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Supporters of jailed Iranian journalists call for open trial | Iran

Supporters of two award-winning Iranian journalists who first reported the death of Mahsa Amini, a young Kurdish woman who died in police custody last year, have demanded that the trial, which was scheduled to begin next week, be made public conduct.

Niloofar Hamedi and Elaheh Mohammadi, renowned on the ground coverage of Iranian social affairs, have been in custody since their first arrest eight months ago and face charges of conspiring with a hostile foreign power that could harbor Iran. Sentenced to death. Critics of the regime claim they were being punished for reporting on protests over Amini’s death after he was arrested for not wearing a headscarf properly during a visit to Tehran.

Their trial could be seen as a test of Iran’s limited media freedoms and of the regime’s ability to learn from the protests, rather than just resort to them. Greater suppression.

Iran acknowledged Amini’s death in police custody but said it was the result of pre-existing nerves or heart disease. Her family said she was beaten in a police car.

Hamedi, who works for the reformist Al Sharq newspaper, went to the Qasra hospital where Amini died and tweeted a photo of Amini’s parents embracing and comforting each other in a hallway. “The black dress of mourning has become our national flag,” she wrote alongside.

Mohammadi vividly described for the Hammihan newspaper the grief and sorrow of 1,000 mourners at the funeral in Amini’s hometown of Saqqez in the western Kurdistan province. anger. Amini’s tombstone reads: “You will not die. Your name will become a symbol.” Mohammadi was arrested on September 22 and her computer was confiscated.

The Revolutionary Guards accused the duo of publishing information that became the main source of information for foreign sources. The two are being tried separately by the Revolutionary Court, with Muhammadi’s trial starting on Monday and Hamedi’s on Tuesday.

Mohammadi’s husband, Saeed Parsaei, protested his wife’s prolonged detention without bail. He told reformist newspaper Etemaad: “On a personal and policy level, from our point of view, the main question is why these two men were arrested for their professional and legal duties.”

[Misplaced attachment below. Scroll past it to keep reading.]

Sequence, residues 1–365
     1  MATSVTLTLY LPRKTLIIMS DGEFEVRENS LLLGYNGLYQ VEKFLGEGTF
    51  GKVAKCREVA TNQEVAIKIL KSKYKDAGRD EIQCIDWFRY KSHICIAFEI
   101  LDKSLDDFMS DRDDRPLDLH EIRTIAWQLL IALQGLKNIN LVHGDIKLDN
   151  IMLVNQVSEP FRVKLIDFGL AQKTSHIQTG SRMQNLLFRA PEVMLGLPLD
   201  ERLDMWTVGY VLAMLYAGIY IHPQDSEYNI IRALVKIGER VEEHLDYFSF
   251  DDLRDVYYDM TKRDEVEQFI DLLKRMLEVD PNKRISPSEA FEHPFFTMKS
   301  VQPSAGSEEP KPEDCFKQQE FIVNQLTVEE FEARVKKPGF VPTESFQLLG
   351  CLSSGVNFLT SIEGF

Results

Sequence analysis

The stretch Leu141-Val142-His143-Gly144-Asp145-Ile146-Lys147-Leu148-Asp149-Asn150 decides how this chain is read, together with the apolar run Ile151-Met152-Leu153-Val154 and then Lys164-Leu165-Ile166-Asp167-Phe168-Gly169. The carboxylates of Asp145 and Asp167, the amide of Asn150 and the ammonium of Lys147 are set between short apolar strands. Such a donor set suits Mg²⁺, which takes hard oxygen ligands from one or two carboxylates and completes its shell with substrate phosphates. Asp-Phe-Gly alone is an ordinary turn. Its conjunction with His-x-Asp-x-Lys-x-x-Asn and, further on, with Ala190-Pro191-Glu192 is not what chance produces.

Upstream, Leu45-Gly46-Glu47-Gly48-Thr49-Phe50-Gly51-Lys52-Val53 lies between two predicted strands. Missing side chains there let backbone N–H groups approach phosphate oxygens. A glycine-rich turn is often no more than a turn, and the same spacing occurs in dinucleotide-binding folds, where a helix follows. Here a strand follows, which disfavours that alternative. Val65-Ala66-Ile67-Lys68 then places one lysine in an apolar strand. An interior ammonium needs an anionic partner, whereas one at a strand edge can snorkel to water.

He said it wasn’t just families and the press that were calling for a public hearing, but the wider public. “Why should the judicial system worry about courts sitting in public?” he asked. “Without evidence and documents, the court’s secrecy will not help society accept it and will only increase the scope for mistrust.”

He admits he doesn’t know if it’s better to complain publicly about their treatment.

Hamedi’s husband, Mohammad Hossein Ajorlou, said the allegations of cooperating with hostile forces were baseless and the open court hearing had brought the quality of evidence against his wife into public view. The right to a public trial is part of Iran’s constitution, he said.

He claimed that access to lawyers was limited and a trial date was announced before the defendant was even informed. He recalled his wife saying: “Compared to all the solitary confinement and prisons, my heart broke when I heard my allegations. I love so many Iranians and everything I do is for Iran, but they accuse me of colluding with hostile forces.”

In a lengthy joint statement in October, the Ministry of Information and the Islamic Revolutionary Guard Corps claimed to have uncovered a vast CIA plot to sabotage Iran and said the two women had attended overseas training courses controlled by the CIA or the U.S. State Department Attend class.

Since their arrest, the pair have won the United Nations’ Press Freedom Award, among many other awards.

They called for an open court after the editor-in-chief of the Etemad newspaper, Behrouz Behzadi, was jailed for six months and fined for a series of articles published in protests that undermined the foundations of the Islamic Republic. One of the articles detailed the scale of the economic crisis facing Iran’s poorest. The case was brought by the IRGC.

Separately, nearly 100 lawyers were summoned to the Evin Security Court and asked to sign a document expressing their personal remorse for supporting the protests. Those who refuse to sign appear to be barred from continuing to practice as lawyers.

Iran ranks 179 out of 180 countries in Reporters Without Borders’ Press Freedom Index.

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